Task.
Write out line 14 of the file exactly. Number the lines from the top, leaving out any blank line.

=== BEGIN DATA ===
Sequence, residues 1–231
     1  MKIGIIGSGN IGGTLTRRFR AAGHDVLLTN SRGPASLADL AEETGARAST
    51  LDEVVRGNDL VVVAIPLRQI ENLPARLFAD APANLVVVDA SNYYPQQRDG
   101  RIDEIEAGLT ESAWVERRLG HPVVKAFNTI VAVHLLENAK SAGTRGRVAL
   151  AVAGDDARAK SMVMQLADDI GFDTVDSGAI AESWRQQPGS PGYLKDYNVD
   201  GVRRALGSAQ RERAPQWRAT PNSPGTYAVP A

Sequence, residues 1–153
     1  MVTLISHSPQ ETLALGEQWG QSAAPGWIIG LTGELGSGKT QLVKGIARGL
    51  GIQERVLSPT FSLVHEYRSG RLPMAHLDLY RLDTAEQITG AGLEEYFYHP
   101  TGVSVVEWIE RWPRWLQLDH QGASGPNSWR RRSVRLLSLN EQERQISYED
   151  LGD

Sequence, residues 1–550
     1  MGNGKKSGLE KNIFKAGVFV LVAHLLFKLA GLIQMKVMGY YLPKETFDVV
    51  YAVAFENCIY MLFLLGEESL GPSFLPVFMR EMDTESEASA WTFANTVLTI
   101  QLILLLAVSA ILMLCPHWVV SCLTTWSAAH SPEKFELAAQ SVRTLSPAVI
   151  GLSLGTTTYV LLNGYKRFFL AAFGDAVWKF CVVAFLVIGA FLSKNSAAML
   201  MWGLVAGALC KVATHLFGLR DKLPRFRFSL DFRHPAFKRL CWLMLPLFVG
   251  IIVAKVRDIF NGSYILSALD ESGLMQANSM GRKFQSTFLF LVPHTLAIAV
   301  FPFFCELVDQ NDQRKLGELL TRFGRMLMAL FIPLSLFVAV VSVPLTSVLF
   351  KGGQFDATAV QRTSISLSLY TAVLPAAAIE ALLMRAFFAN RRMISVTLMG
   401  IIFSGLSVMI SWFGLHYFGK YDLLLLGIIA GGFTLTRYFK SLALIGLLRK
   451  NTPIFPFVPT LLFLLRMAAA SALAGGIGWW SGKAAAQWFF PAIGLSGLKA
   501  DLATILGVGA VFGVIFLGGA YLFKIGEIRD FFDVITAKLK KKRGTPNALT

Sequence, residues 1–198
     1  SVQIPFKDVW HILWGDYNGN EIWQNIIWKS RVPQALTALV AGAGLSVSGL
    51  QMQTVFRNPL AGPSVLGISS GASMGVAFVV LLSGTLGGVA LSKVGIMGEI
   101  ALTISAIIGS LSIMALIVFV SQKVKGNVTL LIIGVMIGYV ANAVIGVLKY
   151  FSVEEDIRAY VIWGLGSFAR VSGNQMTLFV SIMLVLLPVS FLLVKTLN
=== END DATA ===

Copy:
    51  YAVAFENCIY MLFLLGEESL GPSFLPVFMR EMDTESEASA WTFANTVLTI